The Truth about being a “Brown” Girl in America

Being a teenager in America is like being a rat in a maze. We are constantly running around and trying to figure out how to be successful and live up to the crazy standards established by society. It seems as if we are stuck and will never be able to escape this insanely complicated maze that is life. But being a “brown” teenage girl in America, well that’s like being a rat in a jungle.

In this jungle, we find the overbearing parents, the aunties who feel as though they are entitled to give you their opinions on your body. Then, there is the pressure of being the perfect student and of fitting into a world where most people don’t think you belong. The list goes on and on and on, but I think you get the idea of what brown girls face.

Of course, girls from any background can face those issues, but I want to talk about “brown” girls because I am one of them. In other words, I am not just the rat in a maze; I am a rat in a jungle.  I have gathered some stories and personal sentiments from some of my friends, who are all powerful and courageous “brown” girls who live in America and choose to pursue their dreams, not that of their parents’! I hope that by reading my story and their stories, “brown” girls feel that they’re not alone and they can be powerful and courageous!

Let’s begin with my story. I am trying to navigate through life, but it’s really hard. I work hard at school to get A’s just so I can hear my parents’ words of endearment, telling me that I’m amazing. I study for the SATs to get a high score so they can be proud of me. I need to get into a top university so they can brag to their friends about me going there. I don’t know if you noticed, but there’s a common denominator in all those things that I mentioned: my parents.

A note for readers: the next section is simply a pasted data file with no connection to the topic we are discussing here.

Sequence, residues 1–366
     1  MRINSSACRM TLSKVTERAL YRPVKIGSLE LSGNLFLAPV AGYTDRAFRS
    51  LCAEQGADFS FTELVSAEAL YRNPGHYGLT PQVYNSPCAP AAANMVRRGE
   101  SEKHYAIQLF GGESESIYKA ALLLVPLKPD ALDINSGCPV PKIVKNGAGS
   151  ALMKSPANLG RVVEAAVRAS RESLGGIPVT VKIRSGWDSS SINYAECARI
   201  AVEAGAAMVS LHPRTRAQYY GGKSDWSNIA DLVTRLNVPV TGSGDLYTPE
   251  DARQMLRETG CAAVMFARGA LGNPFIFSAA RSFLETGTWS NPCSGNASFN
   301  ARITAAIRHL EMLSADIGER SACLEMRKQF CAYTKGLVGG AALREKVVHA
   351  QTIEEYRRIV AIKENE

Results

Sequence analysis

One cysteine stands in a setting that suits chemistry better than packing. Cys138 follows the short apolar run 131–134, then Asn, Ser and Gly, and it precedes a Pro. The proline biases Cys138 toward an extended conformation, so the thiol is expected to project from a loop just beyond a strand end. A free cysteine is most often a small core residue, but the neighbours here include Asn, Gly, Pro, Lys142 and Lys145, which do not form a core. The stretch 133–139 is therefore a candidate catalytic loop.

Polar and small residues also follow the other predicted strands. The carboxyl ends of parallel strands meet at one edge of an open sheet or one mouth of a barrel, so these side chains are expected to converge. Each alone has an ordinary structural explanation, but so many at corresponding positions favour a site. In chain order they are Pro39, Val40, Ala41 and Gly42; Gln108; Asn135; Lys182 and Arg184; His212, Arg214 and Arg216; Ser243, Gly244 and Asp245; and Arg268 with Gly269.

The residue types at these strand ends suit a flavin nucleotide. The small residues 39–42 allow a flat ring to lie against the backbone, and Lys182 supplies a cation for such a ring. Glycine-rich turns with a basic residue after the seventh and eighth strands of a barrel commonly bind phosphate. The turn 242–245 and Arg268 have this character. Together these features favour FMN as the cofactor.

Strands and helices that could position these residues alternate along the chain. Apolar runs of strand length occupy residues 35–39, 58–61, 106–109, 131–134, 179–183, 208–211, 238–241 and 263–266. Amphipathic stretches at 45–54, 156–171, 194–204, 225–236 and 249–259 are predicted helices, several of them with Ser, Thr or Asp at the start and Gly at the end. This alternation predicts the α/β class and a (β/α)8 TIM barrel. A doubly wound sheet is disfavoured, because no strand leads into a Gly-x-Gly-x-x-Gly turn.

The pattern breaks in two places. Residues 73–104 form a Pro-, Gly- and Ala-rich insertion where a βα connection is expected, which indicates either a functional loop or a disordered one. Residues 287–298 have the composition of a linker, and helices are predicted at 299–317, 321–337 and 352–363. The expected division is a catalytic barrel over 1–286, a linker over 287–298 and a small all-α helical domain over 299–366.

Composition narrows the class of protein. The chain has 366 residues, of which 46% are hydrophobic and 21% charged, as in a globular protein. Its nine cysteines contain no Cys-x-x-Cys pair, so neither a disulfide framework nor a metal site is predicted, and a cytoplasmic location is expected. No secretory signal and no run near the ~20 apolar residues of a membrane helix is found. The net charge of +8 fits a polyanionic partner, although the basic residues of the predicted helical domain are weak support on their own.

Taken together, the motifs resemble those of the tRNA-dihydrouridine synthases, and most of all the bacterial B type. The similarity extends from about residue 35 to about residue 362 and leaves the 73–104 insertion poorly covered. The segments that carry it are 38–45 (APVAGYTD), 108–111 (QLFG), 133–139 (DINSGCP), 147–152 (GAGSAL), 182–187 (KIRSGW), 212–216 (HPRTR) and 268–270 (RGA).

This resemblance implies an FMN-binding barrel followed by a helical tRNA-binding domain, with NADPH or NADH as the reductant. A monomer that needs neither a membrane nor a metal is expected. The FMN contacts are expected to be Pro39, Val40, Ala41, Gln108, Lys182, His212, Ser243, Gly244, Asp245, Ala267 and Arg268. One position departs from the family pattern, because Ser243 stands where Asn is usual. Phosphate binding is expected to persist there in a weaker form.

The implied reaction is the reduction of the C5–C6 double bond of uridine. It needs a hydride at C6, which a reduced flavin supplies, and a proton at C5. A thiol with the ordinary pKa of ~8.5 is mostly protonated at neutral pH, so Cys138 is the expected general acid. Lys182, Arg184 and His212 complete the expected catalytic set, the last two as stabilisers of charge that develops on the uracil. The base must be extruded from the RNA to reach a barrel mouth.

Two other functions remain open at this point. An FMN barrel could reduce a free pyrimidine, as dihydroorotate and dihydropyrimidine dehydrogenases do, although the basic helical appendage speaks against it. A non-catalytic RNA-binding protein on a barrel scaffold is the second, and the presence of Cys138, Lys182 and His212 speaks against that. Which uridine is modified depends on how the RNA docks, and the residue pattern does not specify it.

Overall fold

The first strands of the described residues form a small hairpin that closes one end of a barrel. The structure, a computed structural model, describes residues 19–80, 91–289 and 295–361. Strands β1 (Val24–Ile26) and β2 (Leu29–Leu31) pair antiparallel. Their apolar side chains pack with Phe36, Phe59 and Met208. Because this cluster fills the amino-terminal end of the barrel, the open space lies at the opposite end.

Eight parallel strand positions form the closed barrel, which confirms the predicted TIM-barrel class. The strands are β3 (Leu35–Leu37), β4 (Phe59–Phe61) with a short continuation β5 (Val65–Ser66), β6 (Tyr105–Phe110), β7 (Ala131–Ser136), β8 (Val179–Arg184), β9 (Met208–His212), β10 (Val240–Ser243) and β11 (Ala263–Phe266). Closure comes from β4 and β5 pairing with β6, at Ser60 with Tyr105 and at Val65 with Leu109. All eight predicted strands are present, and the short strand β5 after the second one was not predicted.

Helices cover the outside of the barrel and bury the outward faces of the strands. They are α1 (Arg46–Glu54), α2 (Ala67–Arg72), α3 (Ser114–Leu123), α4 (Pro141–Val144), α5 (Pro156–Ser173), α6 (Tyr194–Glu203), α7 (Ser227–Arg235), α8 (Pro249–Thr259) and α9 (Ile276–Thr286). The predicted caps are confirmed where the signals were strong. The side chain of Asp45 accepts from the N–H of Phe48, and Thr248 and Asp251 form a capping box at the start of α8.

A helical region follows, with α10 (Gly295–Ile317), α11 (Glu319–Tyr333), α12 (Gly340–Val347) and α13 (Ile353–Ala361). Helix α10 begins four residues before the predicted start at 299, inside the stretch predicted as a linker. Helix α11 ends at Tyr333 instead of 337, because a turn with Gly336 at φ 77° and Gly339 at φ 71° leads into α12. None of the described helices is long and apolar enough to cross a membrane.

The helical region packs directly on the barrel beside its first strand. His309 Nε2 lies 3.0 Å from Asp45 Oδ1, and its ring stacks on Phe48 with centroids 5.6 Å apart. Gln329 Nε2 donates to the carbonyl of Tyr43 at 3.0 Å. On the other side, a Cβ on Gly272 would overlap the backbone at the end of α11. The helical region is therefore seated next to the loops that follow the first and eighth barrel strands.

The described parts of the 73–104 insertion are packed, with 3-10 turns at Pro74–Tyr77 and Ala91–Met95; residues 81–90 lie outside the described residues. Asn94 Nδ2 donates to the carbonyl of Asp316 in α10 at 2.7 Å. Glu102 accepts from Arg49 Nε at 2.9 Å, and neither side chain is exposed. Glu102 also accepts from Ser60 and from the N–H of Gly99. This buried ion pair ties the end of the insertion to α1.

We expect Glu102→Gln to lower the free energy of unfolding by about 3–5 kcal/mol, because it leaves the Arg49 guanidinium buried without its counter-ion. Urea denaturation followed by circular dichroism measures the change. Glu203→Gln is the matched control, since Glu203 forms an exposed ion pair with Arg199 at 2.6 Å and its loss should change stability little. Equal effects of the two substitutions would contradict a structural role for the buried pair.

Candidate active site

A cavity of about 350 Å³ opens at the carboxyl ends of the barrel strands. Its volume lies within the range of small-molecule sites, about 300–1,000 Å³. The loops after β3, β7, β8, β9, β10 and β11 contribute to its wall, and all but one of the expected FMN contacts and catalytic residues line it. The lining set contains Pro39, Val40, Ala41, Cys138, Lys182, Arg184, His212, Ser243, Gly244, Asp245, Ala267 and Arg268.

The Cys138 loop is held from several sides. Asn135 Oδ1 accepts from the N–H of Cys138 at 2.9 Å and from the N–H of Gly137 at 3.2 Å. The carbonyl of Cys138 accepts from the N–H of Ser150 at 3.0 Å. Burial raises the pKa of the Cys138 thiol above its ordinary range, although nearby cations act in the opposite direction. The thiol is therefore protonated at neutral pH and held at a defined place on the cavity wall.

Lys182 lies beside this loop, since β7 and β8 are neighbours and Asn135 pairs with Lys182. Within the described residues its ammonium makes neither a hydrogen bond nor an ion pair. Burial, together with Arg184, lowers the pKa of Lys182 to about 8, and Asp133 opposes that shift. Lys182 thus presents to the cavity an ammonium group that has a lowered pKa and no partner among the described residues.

Regardless, I want to succeed in life, but because of all the pressure and stress my parents put on me, I don’t know what I want to be successful at. This confusion causes me to occasionally break down like an overworked engine. What I do know is that I don’t want a job in the STEM field. My parents’ faces darkened upon hearing this. For them, it’s a problem they need to fix, an engine that needs replacing, so they told me to research more and figure something out. They won’t accept that I’ve already done the research and I’ve already figured out that I don’t want to work in the STEM field.

I can even hear my mom on the phone telling her family how I am interested in pursuing business in university, and I can also hear the disappointment in her voice, which she doesn’t try to hide.

Meanwhile, there is a 16 year-old, Indian and Palestinian American girl who feels the peer pressure of fitting into the “white” majority of girl cliques at school: “Even for the few minorities that did join the white girl friends groups, they were called ‘whitewashed.’ Since elementary school, kids have mocked my cultural food and my parents’ accents.” Ultimately, it did not matter for her to be born and raised in America.

Likewise, a fifteen-year-old Bangladeshi-American says, “It’s very conflicting growing up in between two totally different polar opposite cultures. We try to bridge the gap between the two different worlds and find a balance, but we can’t do it. I know if I was born a boy, my life would be infinitely easier.” I feel the pressure of being as “flawlessly modest and intelligent” as the other immigrant “brown” girls my parents idealize.

Perhaps the answer to “why” is explained by this 16-year-old Indian-American: “Our parents grew up in a place where they were physically reprimanded by their teachers, so to them our educational system is much easier. You get stereotyped as being the smart, nerdy kid that always has the answer to every question.” Over time, the stress put on “brown” girls by “brown” and “non-brown” communities accumulates, causing an emotional breakdown. “I often get called ‘whitewashed’ because my skin tone is lighter compared to most Indian girls, but that’s not something I can control. The beauty standards that exist today don’t incorporate South Asian girls. People say they will stop making fun of us, but never stop; magazines promise to diversify, but never do; ‘brown’ and ‘non-brown’ societies tell us that our concerns are insignificant, but they aren’t.”

As stated earlier, being a “brown” teenage girl in America, well that’s like being a rat in a jungle. 

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